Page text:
David Bourget (Western Ontario)
David Chalmers (ANU, NYU)
Rafael De Clercq
Ezio Di Nucci
Jonathan Jenkins Ichikawa
Jack Alan Reynolds
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Synthese 92 (2):189 - 220 (1992)
An account of analogical characterization is developed in which the following things are claimed.(1) Analogical predications are irreflexive, asymmetrical, atransitive and non-inversive. (2) Analogies A and B share role-similarity descriptions sufficiently abstract to overcome the differences between A and B. Analogies pivot on the point of limited similarity and substantial, even radical, difference. (3) The semantical theory for sentences making analogical attributions requires a distinction between (sentential) meaning as truth conditions and (sentential) meaning as a functional compound of the meanings of contained lexical items. Analogical sentences possess both kinds of meaning. They are true via their truth conditions and would be false via their lexical meanings. The distinctive feature of the lexical meaning of analogical sentences is the tightness of constraints on closure. The implications of analogical sentences, given their lexical meanings, though there, aren't drawn. It is in this sense that analogies are made and not found.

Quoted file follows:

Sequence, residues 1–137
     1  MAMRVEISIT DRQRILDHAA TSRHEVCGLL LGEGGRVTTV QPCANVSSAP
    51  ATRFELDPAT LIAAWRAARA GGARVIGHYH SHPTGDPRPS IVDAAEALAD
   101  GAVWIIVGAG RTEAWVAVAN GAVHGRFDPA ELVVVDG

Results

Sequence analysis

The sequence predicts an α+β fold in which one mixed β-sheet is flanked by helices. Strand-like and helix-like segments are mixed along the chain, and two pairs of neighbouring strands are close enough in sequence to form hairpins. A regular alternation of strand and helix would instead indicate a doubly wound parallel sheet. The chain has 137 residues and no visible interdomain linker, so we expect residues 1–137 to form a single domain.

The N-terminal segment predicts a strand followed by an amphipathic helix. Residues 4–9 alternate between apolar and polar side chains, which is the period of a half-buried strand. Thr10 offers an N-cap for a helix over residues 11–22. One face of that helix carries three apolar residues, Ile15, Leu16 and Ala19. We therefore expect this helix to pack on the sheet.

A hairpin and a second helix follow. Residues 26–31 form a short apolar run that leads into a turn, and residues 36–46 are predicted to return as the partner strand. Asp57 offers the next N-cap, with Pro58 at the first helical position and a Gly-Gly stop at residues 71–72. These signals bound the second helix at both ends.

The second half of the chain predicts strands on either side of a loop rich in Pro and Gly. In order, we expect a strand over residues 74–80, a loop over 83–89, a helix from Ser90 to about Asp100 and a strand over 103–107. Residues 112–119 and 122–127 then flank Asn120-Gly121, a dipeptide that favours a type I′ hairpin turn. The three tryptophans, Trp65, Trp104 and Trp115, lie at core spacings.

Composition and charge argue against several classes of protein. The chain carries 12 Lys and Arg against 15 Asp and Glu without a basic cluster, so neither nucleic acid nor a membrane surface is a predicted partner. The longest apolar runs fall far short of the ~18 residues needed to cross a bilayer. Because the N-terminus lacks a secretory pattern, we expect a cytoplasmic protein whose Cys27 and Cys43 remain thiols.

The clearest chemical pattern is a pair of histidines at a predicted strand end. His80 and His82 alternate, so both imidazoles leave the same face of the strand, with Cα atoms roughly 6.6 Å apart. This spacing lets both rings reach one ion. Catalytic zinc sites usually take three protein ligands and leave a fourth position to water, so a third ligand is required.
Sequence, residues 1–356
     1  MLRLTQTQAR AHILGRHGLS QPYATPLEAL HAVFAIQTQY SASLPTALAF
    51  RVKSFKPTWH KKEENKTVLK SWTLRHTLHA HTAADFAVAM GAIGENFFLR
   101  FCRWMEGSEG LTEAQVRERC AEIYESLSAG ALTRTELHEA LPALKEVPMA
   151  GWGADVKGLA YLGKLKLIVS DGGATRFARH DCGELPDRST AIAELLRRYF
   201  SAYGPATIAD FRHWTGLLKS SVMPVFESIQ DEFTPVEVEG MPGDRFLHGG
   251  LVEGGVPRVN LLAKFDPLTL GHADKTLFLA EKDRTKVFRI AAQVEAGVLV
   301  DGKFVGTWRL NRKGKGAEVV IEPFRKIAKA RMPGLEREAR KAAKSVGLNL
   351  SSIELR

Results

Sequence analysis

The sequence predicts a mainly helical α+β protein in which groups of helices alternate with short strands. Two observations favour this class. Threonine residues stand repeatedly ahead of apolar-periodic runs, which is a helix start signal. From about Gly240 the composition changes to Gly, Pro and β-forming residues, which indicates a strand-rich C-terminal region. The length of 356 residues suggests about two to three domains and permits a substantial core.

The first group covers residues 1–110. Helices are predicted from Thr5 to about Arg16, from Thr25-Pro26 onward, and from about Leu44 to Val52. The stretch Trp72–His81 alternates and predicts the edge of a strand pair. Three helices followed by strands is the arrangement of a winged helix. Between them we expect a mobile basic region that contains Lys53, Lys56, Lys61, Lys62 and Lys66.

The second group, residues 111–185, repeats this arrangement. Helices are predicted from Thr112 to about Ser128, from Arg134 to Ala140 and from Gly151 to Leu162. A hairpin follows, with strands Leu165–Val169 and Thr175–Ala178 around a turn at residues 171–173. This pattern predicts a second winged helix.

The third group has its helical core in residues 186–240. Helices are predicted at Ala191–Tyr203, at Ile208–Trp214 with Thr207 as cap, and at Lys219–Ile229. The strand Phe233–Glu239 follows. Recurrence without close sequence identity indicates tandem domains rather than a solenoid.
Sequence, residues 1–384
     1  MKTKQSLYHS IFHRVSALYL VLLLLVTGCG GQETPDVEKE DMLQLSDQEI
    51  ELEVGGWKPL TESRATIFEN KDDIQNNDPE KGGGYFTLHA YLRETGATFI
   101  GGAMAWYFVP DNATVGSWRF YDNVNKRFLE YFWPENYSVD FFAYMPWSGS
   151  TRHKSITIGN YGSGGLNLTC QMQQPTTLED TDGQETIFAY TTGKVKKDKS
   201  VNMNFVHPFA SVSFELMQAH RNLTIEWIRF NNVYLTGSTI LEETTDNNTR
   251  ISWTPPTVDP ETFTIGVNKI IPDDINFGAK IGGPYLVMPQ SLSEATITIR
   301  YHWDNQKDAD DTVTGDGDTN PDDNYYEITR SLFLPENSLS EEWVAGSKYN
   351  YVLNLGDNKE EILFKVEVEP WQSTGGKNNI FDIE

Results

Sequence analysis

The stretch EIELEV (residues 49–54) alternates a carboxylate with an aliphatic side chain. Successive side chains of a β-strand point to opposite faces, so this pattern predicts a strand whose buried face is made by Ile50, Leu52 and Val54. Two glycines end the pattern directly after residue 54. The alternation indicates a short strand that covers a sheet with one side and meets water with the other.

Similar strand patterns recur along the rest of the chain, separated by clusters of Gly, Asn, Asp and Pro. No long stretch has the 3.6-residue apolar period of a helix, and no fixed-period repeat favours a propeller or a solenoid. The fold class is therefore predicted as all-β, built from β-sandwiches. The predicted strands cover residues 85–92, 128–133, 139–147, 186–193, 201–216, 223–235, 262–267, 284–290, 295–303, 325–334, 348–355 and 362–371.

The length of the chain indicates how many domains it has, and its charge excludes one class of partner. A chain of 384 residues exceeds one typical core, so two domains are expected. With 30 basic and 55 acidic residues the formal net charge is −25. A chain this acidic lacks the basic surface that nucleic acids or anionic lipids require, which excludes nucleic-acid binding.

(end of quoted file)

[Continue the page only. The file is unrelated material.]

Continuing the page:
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References found in this work BETA
Irving M. Copi (2008). Introduction to Logic. Pearson/Prentice Hall.
George Lakoff (1980). Metaphors We Live By. University of Chicago Press.
Mary B. Hesse (1966). Models and Analogies in Science. University of Notre Dame Press.
John Maynard Keynes (1921). A Treatise on Probability. Dover Publications.
Terence Parsons (1980). Nonexistent Objects. Yale University Press.
Citations of this work BETA
André Juthe (2005). Argument by Analogy. Argumentation 19 (1):1-27.
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